Last month I looked at how holding the World Cup qualifying draw 13 months before the first ball was kicked in the European section has led to changes in the balance of groups from which some teams have benefitted and others have suffered. However, when it comes to the qualifying competition, things have improved a great deal from the way they used to be.
There is a lot of criticism of the organisation of World Cup qualification these days, focusing on factors like the seeding system, the presence of so many minnows, and the seeding of the play-offs to name but three. By looking at the World Cups of the 1970s, I hope to show that the situation is far fairer than it was then with the better European nations no longer missing out on their place in the World Cup finals.
Prior to the 1982 World Cup in Spain, Europe was generally awarded just nine places in the World Cup finals. Given that there was usually only one qualification place from a group, the chances of failure for countries who should really have been there was much higher than would be the case now. Firstly, luck played a part in the draw as England discovered in 1973 when they were knocked out by Poland who later finished third at the 1974 World Cup. Secondly bad luck in a single inopportune match could ruin a team’s qualification hopes. This also happened to England against Poland as I will investigate in an article prior to the match between the two countries next week. The fact is that both England and Poland should have been present in 1974 as they were ranked third and fourth in the world throughout the qualification series.
Both the luck of the draw and the effect of bad luck in a single match were magnified by the fact the qualifying groups prior to 1982 usually had just four teams in them and sometimes even three which meant that a team played very few matches. In 1974 for example, four groups contained just three teams and three of those were so tight that they were decided on the result of a single match. Even in the four team groups, qualification was decided by the result of a single match in three cases. In one of those, a referee’s decision in favour of the Netherlands sent the Dutch to the 1974 World Cup at the expense of Belgium who hadn’t conceded a single goal in their six qualification matches.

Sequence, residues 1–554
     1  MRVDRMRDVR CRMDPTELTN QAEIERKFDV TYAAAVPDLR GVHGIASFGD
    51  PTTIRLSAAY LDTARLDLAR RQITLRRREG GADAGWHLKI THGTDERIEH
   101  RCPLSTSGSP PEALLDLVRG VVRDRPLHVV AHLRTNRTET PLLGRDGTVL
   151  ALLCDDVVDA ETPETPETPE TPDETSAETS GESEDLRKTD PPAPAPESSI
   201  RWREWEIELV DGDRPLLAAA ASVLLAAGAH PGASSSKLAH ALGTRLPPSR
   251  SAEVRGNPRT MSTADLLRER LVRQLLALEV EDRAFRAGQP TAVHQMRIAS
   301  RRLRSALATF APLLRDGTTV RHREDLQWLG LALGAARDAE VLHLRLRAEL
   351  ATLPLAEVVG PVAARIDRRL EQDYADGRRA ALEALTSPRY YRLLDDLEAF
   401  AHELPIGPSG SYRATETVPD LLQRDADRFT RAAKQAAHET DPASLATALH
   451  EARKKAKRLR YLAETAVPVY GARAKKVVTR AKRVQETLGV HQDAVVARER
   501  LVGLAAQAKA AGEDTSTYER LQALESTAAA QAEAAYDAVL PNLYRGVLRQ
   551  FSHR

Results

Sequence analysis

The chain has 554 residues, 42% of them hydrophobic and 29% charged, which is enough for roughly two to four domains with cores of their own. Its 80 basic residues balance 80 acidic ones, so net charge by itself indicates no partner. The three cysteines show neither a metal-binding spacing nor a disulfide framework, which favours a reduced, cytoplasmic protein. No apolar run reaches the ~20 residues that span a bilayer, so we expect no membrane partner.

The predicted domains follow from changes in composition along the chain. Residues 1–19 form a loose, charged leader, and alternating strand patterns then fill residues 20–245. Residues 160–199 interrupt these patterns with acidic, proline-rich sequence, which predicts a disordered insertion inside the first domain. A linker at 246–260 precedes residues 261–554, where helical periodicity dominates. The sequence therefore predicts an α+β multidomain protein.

Things were not quite as tight in the 1978 qualification groups in Europe but England were effectively eliminated by Italy because they hadn’t beaten Finland at Wembley by quite as many goals as Italy had done so in their home fixture against the Finns.
There were also single match play-offs on neutral ground for World Cup places in those days too, generally when two teams had finished level on points at the top of their group. Czechoslovakia (1970), Sweden and Yugoslavia (both 1974) all qualified for World Cups in the 1970s in this fashion with Hungary, Austria and Spain unluckily missing out.
So, limited qualification places and small numbers of qualifying matches often led to tight groups being decided on single matches or even single incidents during the 1970s. This brought the role of luck in as a major factor in qualification but there were other reasons why many of the best teams missed out on one of Europe’s nine spots at the World Cup.
In part two, I will look at how the qualifying groups were decided in those days, a system which has been massively improved over the years and now generally provides far more balanced groups than existed in the past.